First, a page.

“Yoo-hoo, is anybody?” I guess that, from time to time, many of us amateur journalists feel compelled to ask the question so catchily phrased by the matriarch of the Goldbergs. At least Molly Goldberg could hope for a response from her friend and neighbor Mrs. Bloom, to whom her shouts into the dumb waiter shaft were directed. To Mrs. Goldberg, “anybody” was a certain someone. Many who approached the World Wide Web as their means of telecommuning have given up on waiting for a reply to their “Yoo-hoos,” or, instead, have taken the resounding silence for an answer equivalent to “nope.”
According to a 2008 survey conducted by Technorati (which, earlier this month, was referred to in a New York Times article on the blogging phenomenon), 95 percent of all online journals have been essentially abandoned. Tens of millions who saw blogging as an opportunity to cast their thoughts broadly and make their voices heard by the multitudes decided that, once this vast crowd of followers did not, well, immaterialize, their words were wasted on the one or another for whose arrival they would not be dumb enough to wait and to whose apparently exclusive tastes they would not lower themselves to cater.
Like broadcasting before it, the blogosphere lures those creative spirits who might otherwise be dispirited nobodies with that one-in-a-million chance at fame while its ability to connect us to the one-in-a-million willing to connect with us frequently goes unappreciated. As public performers, we won’t settle for “anybody”—but we seem more inclined to aim at the elusive everyone than the dependable someone. One of the most intriguing motion pictures to address our narrow-mindedness about broadcasting is the Depression-era melodrama Torch Singer (1933), one of those startlingly unconventional, non-classic Hollywood pictures referred to as Pre-Code.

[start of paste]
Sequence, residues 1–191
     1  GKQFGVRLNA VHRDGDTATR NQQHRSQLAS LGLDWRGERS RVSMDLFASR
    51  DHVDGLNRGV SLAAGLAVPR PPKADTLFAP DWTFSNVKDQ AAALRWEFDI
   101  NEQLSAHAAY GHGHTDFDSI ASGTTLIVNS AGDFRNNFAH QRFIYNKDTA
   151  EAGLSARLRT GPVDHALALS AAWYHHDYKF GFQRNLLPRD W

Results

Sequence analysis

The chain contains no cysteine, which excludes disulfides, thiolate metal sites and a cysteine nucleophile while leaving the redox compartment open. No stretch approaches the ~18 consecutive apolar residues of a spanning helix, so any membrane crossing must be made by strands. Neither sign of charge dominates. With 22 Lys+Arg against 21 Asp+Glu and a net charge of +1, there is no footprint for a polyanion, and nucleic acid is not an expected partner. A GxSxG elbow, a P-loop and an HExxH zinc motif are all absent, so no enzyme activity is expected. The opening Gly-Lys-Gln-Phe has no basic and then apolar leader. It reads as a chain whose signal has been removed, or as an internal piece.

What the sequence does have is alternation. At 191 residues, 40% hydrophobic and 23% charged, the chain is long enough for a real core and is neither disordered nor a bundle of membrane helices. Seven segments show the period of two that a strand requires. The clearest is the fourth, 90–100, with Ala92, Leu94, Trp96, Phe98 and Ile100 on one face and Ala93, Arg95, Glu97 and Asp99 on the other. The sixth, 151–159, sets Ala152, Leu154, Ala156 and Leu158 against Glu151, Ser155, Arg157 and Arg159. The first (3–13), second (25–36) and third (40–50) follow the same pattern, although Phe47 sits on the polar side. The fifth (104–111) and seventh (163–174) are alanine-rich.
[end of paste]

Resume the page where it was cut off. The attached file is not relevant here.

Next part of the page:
Torch Singer stars Claudette Colbert as an unwed mother (that is Pre-Code for you) who, failing to find employment, is forced to give up her infant daughter. After that intimate bond is severed, the motherless child of a childless mother avenges herself on an impersonal, dehumanizing society by tantalizing those who made her suffer, selling the mere appeal of sex to the highest bidder. “Give Me Liberty or Give Me Love,” she warbles, achieving neither. Her body having been robbed of its fruit and the warmth of nestling, she turns her voice into a commodity, first by making a(nother) name for herself a nightclub singer, then by accepting the offer to become a disembodied siren on the radio.
When a newly hired storyteller for a children’s program is struck dumb with mike fright, the reckless Torch Singer takes over as the fictitious “Aunt Jenny,” comforter by proxy, singing lullabies so far removed from any cradle that they are devoid of sincerity, all the while tickled by her own moxie as she promotes the sponsor’s kiddie beverage, long drink in hand.
This perversion of motherhood comes to an end when she realizes that it is possible to subvert the medium instead and seize the microphone to reach the child she gave up for adoption. Rather than performing for everyone and no one, she now sings directly to her daughter, devising a contest that would compel radio listening kids to call in and claim their birthday surprises, thereby revealing their identity to her. Once taken into her own hands, the very medium that seemed to have promised nothing but the belated fame for which she never cared becomes the means through which she can reestablish the intimacy she long believed to be past recapturing.
Its melodramatic shortcomings notwithstanding, Torch Singer serves as a compelling reminder that the media, as extensions or offshoots of telecommunication, have not lost—and should never be divested of—their potential to establish point-to-point connections far more meaningful than the often disappointing stabs at mass exposure in which we are apt to lose sight of one another.